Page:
I have been an avid bicycle commuter for a number of years. Most of my riding takes place in the seasons where snow and ice do not render the ground too slippery for my comfort level. Still, I strive to get in quite a few months of two-wheeled bliss.
Sometimes I ride to get to work-related meetings and events, and sometimes I just hop on my 24-speed mountain bike and head to the River Valley, just for the fun of it. Cycling gives me the opportunity to get outside, get some fresh air, and get some much-needed exercise. It also gets me where I want to go, with reasonable speed and safety.
Cycling has taken on even more importance in my life through my involvement in the activist community. Bicycles and activism go hand in hand. Or, more accurately, bottom on seat. In addition to creating a more intimate interaction between myself and my surroundings, here are some reasons (both practical and radical) why two wheels are better than four:
- Cycling is better for the environment. This one should be a no-brainer. As one of my favourite bicycle “bumper” stickers says: I get the equivalent of 1000 miles per gallon, and I don’t pollute.
- Another no-brainer: it’s good for you. Fresh air. Exercise. The pleasure of wind blowing in your face while you watch people cooped up in their cars. A win-win situation all around.
- A bike-centric lifestyle flies (rolls?) in the face of tradition. So many people associate bike riding with something little kids do. Seeing grown people riding around everywhere for utilitarian purposes (as opposed to performing tricks or racing) really shakes the dominant paradigm for these narrow-minded folks.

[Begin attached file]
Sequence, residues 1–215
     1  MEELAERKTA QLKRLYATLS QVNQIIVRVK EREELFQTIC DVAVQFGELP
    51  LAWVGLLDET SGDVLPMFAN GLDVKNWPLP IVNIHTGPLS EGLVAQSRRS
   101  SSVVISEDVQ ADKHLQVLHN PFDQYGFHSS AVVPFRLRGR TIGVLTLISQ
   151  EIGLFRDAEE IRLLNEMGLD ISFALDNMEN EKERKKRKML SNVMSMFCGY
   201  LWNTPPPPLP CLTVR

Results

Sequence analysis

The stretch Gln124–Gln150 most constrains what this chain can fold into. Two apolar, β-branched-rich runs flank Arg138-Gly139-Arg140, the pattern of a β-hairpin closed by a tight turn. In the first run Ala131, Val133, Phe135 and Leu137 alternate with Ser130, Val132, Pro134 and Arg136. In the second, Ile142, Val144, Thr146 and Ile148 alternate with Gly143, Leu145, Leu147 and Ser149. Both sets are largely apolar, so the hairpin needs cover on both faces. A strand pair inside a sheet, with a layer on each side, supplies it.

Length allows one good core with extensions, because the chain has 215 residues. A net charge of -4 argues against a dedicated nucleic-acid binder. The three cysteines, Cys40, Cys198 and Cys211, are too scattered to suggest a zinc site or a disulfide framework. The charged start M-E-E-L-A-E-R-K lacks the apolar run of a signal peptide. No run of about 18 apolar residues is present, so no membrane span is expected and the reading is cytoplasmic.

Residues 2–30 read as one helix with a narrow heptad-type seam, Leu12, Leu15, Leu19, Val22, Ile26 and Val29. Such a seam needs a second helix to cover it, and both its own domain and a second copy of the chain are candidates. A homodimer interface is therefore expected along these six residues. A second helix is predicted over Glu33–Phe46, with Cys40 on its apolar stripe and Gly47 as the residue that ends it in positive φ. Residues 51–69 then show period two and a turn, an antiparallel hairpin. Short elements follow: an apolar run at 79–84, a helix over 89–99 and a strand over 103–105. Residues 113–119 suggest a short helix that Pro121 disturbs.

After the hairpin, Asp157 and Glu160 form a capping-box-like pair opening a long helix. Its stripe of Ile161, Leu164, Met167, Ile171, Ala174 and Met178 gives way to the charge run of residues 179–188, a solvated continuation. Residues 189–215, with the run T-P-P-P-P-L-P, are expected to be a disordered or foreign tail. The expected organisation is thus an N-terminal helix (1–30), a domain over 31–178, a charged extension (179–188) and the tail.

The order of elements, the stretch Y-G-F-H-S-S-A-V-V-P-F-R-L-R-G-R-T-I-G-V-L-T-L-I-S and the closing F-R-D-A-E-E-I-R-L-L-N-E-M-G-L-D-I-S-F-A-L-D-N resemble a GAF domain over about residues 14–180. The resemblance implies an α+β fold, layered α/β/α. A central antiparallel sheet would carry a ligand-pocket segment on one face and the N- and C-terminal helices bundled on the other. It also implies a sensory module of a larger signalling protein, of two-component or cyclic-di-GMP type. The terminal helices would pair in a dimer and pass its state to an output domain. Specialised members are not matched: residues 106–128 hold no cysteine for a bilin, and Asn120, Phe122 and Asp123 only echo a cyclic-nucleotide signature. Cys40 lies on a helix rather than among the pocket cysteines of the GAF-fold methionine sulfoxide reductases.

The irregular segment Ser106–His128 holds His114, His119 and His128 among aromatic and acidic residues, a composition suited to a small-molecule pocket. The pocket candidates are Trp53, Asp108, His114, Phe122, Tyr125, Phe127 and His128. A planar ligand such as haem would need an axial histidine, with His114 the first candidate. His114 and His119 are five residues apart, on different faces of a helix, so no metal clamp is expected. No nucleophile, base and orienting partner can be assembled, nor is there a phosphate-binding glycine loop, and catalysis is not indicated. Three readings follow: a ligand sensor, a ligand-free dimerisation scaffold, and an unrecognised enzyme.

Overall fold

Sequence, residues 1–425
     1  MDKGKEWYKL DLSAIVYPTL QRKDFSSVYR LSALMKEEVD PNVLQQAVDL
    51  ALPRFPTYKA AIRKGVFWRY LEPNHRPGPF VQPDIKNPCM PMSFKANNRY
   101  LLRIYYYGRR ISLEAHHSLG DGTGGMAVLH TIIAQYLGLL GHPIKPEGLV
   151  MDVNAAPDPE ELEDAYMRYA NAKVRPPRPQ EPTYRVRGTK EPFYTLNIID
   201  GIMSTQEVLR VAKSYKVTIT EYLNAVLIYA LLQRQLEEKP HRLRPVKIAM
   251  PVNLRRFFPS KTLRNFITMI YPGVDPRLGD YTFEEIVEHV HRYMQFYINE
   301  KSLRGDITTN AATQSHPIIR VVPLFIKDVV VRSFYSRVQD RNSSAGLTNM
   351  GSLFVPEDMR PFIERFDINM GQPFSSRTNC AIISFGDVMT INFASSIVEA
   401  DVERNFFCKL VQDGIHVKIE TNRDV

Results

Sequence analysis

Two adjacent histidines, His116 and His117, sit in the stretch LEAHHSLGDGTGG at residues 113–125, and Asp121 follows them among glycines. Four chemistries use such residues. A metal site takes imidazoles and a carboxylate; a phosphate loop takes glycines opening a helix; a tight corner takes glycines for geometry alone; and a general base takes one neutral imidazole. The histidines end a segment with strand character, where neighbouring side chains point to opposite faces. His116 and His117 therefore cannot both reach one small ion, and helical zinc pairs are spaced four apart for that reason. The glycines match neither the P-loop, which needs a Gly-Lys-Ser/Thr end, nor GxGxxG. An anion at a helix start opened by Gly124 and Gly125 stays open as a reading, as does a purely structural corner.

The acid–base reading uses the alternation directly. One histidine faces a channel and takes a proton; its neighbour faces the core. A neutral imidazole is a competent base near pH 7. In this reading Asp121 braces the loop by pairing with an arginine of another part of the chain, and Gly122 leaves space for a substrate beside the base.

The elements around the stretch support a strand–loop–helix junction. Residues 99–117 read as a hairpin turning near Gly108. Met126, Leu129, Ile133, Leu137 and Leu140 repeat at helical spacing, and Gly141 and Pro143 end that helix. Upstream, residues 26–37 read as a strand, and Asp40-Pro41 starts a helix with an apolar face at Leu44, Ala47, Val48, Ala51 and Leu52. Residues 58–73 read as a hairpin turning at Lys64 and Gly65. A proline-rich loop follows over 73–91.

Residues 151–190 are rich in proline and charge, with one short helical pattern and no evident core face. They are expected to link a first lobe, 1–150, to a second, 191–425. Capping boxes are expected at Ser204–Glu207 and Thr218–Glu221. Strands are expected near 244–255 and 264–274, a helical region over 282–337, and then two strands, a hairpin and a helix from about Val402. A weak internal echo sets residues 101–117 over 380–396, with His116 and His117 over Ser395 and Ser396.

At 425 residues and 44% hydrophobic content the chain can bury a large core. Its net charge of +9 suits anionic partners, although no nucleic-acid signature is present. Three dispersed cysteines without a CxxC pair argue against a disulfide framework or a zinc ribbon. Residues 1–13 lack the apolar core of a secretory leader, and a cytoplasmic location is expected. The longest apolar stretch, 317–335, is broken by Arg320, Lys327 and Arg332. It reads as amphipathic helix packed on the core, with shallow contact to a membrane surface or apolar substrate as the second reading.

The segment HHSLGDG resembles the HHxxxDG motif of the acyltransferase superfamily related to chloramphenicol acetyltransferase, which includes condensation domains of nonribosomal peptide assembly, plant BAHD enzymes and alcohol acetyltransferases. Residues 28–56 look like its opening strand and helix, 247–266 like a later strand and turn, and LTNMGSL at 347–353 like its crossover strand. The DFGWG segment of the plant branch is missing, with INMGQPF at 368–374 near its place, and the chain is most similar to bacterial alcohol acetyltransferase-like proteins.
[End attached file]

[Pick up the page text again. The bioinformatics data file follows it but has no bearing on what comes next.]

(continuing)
- Cycling counters the materialism that runs rampant in our society. How? When I use my bike to take care of errands, I have to make some very conscious choices about where I am going to go, and what I am going to get. I can only carry so much and am limited by distance on any given trip. As a result, I buy less, spend less, and ultimately consume less.
Further to the point above, cycling saves a load of cash in the face of rising gas and oil prices. As well, I don’t have to worry about insurance or depreciation. The cost of the occasional repair or tune up usually comes nowhere near that of filling up an entire fuel tank on an average sized vehicle.Of course, riding a bicycle everywhere, all the time, throughout the year is not a choice everyone makes due to various practical considerations. Even still, cycling can usually be incorporated into one’s lifestyle, assuming one is physically able to do so. Give up driving once or twice a week. Plan a weekly family ride through the River Valley. Ride, instead of drive, to errands of shorter distances. Bicycle-based lifestyles can build over time. Besides, it’s fun and addictive — in a good way.
Paula is a freelance writer, editor, and photographer. She owns a driver’s license, but not a car. You can reach her at: firstname.lastname@example.org.